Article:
DHS Squirrel
Geographical Index > United States > Washington > Yakima County > Report # 62332
Report # 62332  (Class B)
Submitted by witness Bob Tully on Tuesday, January 1, 2019.
Morning snowmobilers hear howls, tree knocks, branch break 8mi south of Rimrock Lake
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YEAR: 2018

SEASON: Winter

DATE: 12/31/18

STATE: Washington

COUNTY: Yakima County

LOCATION DETAILS: We parked at Fish Creek Snowpark at Lake Rimrock.
Followed the 1000 road to the 1070 road. Went 150 feet down the 1070 and stopped at the creek.


NEAREST ROAD: Lake Rimrock - White Pass

OBSERVED: My friend and I rode snowmobiles about 8 miles into a wilderness area. No one had been in the are for at least 2 days because previous tracks were covered by Saturdays storm.

We turned off the main road and onto a side road and rode a few hundred feet before we stopped at a bridge crossing a stream. As soon as we took off our helmets we heard a loud howl/moan sound that lasted 8-10 seconds. We looked at each other in shock. Another howl followed about 8 seconds behind it and then we head a loud bang on a tree in the opposite direction.

It was like a super loud woodpecker just pecked once. A few seconds after we heard a large tree branch break in the direction of the howl and then heard a third howl. Two more loud wood pecker sounds then followed with about 5 seconds in between.

The scream seemed like it was from a mile away, but in the dense trees it was likely much closer. The wood noises and loud break sounded like they were within 50 yards or so.

Then it was silent for about 5 minutes and we started to get ready to leave and the howls started again, but seemed like they were twice as far away. After about 6 more howls with 5 seconds or so in between, we decided to leave the area. Neither of us have ever heard anything like it. It seemed like it had an amplifier and we were the only people within about a 8 mile radius.

I listened to the "Ohio howl" and it was close but longer and more fluctuation in some of the moans.

ALSO NOTICED: No, we kept an eye out for tracks the rest of the day.

OTHER WITNESSES: Yes, one other heard everything I did.


TIME AND CONDITIONS: 10:30am, sunny, 22 degrees, 3 feet of snow on the ground, quiet.

ENVIRONMENT: Dense pine and fir trees with meadows nearby.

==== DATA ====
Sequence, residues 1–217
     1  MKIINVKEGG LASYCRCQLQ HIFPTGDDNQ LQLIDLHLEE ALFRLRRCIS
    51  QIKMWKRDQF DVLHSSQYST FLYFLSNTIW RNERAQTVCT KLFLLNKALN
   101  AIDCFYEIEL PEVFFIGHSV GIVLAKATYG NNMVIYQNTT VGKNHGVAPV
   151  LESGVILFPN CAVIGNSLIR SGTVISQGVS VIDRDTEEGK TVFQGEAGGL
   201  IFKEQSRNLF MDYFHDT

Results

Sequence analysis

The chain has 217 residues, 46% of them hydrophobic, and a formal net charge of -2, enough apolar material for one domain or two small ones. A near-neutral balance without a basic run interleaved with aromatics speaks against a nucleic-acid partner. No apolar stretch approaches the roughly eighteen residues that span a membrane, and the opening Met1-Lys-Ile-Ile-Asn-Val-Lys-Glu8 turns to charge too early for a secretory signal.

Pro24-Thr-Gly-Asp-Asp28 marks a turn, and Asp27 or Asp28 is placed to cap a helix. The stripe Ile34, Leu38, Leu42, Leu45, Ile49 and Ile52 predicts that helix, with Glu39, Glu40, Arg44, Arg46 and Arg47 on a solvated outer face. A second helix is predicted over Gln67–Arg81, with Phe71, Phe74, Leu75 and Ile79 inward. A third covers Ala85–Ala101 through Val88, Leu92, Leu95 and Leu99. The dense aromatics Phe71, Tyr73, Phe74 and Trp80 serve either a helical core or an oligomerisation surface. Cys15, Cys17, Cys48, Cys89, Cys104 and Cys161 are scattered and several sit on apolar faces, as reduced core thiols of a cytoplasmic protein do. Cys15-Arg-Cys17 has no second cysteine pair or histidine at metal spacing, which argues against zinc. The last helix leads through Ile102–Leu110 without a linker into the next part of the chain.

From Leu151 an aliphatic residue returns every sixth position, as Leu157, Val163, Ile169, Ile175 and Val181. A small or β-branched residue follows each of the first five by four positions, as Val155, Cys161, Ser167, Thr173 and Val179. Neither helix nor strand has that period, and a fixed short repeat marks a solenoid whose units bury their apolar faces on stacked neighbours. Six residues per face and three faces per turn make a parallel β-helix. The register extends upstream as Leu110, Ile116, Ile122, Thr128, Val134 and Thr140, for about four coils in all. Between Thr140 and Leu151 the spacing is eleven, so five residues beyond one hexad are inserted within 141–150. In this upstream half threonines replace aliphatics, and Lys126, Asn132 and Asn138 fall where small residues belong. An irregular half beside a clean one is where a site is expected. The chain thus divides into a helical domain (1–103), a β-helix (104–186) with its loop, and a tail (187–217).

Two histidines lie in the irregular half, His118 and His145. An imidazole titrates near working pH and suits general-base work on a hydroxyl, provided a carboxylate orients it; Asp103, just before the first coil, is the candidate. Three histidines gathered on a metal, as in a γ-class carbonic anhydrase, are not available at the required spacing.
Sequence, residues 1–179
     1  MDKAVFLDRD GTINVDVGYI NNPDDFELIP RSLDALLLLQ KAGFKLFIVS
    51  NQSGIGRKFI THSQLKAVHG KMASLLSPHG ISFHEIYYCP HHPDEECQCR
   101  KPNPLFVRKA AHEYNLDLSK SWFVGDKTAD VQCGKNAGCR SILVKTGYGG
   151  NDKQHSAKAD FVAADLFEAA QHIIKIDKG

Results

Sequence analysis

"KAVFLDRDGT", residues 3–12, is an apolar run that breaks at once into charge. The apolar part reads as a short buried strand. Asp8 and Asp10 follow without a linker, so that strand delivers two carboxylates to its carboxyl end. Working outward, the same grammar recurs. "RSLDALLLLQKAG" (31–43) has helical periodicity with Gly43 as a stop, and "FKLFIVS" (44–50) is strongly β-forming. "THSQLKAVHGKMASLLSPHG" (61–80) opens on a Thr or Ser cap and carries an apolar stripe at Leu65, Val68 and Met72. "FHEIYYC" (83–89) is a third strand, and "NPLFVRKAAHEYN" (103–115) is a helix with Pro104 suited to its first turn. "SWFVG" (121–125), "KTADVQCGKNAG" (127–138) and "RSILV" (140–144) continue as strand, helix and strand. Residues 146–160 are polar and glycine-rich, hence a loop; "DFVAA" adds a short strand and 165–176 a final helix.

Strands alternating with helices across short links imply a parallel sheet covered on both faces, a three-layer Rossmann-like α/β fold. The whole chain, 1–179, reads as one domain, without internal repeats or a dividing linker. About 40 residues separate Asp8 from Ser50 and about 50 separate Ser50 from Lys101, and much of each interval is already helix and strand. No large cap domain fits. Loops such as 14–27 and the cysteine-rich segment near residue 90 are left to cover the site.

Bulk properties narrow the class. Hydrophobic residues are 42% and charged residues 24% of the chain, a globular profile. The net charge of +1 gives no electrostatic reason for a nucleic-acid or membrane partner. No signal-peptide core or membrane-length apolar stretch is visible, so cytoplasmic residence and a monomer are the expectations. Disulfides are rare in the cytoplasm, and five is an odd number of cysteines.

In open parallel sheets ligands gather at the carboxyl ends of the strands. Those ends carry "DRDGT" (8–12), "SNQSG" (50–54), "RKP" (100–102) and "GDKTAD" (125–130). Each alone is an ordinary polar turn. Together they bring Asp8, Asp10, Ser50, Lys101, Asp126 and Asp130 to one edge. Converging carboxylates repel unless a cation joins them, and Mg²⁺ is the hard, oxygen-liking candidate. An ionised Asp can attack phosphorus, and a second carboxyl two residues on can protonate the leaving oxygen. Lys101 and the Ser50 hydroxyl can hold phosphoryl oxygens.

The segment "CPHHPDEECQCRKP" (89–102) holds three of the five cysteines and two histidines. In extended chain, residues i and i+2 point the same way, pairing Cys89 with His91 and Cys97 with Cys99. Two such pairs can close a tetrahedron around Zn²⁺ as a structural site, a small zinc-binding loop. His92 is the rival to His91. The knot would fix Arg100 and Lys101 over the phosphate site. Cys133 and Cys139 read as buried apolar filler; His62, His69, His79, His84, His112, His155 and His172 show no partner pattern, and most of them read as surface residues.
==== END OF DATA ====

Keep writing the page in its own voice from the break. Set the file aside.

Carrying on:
Follow-up investigation report by BFRO Investigator Kevin Llewellyn:

I talked to the witness by phone.

He believes there were at least three Bigfoot as the howls came from their right, the tree knocks from their left and the loud crash of a branch break was from the front of them. The sound of the break made the witness think it was a very large branch.

The witness has gone into this area with his snowmobile for years and has seen coyotes, rabbits, grouse and fox. I asked him why he thought Bigfoot may have been in this remote area with that much snow. He said there is trout in the stream as another possible food source besides rabbits and grouse.
The witness is also aware of caves in the area.

After the first set of sounds, they started to have a snack and the witness did two whoops during the five minute pause. There was no response. When the howls began again, they decided to leave. They did not go into the forest to look for tracks. They were stopped at that location for about ten minutes.

They did not detect any foul odor.

Note: the location they stopped at is about one and one half miles from the Yakima Indian Reservation.

About BFRO Investigator Kevin Llewellyn:

Kevin has camped, fished and hunted in Eastern Washington all his life. His interest in Sasquatch began when he was 10 years old and saw Roger Patterson present "the" film. He lives in Eastern Washington.

Recently retired, he was a veterinarian since 1984, after graduating from Washington State University.

He attended Washington BFRO expeditions in 2013, 2014, 2016, 2017 and 2019. Oregon in 2015 and 2018, Montana in 2017 and 2018. He was co-leader of N.E. Washington 2019, Washington 2020, 2021 #1 & #2, and Montana 2020, 2021expeditions.

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